The exhibition and project is built as pairs of art works, each pair featuring known Jewish and non-jewish personalities, whose destinies were marked by the Holocaust and who were victims and heroes of it. Additionally to Marian Turski, the Holocaust survivor who had become the leading European intellectual and the chairman of the POLIN Museum, I dedicated my work also to Rafael Chwoles, an outstanding artist who survived the Holocaust in the USSR, but whose family had been exterminated in the Vilna Ghetto. All of his post-war life, first in Warsaw, and then in Paris, Rafael Chwoles lived thinking about his exterminated family every single day. But he did not project the darkness of his torment onto his canvasses. His superbly talented art is just incredibly warm and human, especially given the circumstances. And I am glad to remember him in this project.
The other two people are Consul Chiune Sugihara and Father Patrick Desbois. The more I learn about the heroic man, Japanese diplomat Chiune Sugihara, - and I am very grateful to his son Nobuki for the opportunity to talk about his great father - , the more I admire that man of stern integrity and compassionate understanding of the value of human life. My work dedicated to Consul Chiune Sugihara is called Some Sun in the Forest, and it has been photographed in Lithuania, at the place where Sugihara did save the lives of thousands of people.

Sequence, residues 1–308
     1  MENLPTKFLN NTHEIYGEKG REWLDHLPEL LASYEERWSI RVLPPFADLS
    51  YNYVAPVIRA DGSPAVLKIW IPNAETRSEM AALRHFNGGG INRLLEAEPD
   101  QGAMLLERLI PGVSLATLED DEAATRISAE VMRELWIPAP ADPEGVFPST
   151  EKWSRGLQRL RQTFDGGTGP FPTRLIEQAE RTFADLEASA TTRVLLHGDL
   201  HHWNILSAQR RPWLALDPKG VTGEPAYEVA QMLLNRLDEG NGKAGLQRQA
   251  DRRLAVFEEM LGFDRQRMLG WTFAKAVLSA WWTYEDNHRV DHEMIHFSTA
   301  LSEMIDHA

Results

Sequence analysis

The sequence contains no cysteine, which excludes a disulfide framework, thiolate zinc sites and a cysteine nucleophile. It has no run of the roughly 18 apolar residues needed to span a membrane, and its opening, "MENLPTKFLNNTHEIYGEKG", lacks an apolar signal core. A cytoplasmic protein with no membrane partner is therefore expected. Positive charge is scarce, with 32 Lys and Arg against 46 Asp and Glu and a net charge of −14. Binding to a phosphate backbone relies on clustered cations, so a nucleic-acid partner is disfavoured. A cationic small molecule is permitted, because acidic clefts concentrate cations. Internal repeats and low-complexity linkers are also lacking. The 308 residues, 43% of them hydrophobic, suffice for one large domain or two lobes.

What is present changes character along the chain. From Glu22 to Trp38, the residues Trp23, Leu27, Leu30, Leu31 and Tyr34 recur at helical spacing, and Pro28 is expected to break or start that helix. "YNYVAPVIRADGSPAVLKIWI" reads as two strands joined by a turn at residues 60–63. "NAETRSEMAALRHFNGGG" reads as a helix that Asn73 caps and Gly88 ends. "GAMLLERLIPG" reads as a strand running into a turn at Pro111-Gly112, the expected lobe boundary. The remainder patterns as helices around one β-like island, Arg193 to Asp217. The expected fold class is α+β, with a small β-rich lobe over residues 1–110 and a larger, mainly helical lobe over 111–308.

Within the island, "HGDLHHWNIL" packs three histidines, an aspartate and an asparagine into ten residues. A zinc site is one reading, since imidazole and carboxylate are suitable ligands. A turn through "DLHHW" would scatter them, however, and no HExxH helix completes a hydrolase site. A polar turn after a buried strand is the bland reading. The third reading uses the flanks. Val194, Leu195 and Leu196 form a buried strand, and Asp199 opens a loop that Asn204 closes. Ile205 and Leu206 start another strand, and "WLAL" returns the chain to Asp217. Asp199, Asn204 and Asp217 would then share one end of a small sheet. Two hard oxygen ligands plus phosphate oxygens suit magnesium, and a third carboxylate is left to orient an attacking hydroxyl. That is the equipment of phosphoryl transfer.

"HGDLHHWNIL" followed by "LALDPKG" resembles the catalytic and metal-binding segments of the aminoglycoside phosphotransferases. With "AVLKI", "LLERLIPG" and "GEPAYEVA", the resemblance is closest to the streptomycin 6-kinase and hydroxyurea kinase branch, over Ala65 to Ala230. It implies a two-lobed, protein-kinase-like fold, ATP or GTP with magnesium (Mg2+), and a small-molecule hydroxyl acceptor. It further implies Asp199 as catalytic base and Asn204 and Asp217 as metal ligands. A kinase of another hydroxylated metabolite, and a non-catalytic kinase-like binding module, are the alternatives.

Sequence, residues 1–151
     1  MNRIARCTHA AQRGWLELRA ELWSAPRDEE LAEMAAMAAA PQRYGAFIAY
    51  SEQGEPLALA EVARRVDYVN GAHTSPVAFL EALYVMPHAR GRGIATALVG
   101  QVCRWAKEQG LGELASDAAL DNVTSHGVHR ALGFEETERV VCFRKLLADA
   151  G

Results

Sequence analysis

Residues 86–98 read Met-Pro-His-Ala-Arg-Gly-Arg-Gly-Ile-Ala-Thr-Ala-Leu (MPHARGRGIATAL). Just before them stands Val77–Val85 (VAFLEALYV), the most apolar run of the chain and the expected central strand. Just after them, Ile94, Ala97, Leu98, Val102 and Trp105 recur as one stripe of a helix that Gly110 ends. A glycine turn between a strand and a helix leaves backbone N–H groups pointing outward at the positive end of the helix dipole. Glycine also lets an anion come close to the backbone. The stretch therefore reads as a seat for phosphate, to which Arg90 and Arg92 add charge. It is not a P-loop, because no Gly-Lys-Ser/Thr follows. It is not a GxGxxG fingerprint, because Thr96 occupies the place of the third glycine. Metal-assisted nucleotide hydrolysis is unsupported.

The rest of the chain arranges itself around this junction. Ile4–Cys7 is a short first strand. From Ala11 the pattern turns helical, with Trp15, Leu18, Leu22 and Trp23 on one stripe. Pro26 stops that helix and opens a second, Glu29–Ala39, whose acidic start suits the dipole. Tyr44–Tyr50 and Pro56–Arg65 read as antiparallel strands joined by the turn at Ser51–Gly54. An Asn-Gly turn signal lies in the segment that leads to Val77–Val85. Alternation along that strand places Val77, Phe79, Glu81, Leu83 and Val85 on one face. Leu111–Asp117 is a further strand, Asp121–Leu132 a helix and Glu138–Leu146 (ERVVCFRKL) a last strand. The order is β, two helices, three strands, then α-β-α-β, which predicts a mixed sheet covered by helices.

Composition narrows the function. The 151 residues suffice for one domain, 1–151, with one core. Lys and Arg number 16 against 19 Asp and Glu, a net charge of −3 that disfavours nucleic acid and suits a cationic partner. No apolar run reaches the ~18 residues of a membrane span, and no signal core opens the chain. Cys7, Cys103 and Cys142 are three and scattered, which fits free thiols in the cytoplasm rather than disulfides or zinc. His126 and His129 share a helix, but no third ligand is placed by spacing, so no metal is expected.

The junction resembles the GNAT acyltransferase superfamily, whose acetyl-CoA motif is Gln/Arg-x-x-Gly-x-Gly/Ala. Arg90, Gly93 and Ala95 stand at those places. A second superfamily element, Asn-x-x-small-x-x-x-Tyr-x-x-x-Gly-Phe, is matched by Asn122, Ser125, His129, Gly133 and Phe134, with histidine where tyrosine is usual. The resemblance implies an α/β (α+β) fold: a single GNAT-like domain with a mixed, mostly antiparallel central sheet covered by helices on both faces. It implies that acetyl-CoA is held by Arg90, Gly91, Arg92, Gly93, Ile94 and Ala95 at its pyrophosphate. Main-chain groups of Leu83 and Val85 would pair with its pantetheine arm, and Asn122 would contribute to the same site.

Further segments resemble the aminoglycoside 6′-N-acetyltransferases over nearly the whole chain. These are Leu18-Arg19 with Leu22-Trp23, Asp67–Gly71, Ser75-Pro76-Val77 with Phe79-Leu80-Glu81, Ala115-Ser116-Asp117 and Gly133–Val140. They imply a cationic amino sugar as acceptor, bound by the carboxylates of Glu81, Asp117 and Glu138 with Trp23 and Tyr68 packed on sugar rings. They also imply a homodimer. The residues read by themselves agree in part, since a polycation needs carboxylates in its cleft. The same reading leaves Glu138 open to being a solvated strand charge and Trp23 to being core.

Father Patrick Desbois has been undertaking a remarkable mission for many years now. With admirable consistency and determination, despite all possible and impossible hurdles along the way, he is collecting firsthand evidence of the forgotten episodes of the Holocaust at various places in Eastern and Central Europe, and the former Soviet Union. My artwork, which is homage to him and his mission, is also photographed in the Baltic region. If some stones could speak, the stones from the Holocaust massacre locations certainly are the ones. And our memory, the dedication to this memory by some remarkable people, the champions of humanity like -- Father Desbois, is transcending this small but firm light of decency and compassion for all of us. It affirms the best that a human being is capable of, and I am very grateful to all the Champions of Humanity for their courageous lives, their deeds and missions which did bring honour to the victims of the Holocaust. The honour that they have been deprived of so brutally, along with their very lives.
“In my work on the theme of the Holocaust and post-holocaust, the Baltic region plays a very important role. I have spent a lot of time working on the theme in Lithuania, Poland, and to a lesser extent in Estonia and Latvia, researching, filming and photographing there, and talking with survivors and historians. That experience, the Baltic dimension of the Shoah, is vital for me in my understanding of the Holocaust.”
Inna Rogatchi is an internationally acclaimed writer, scholar, lecturer, filmmaker and art photographer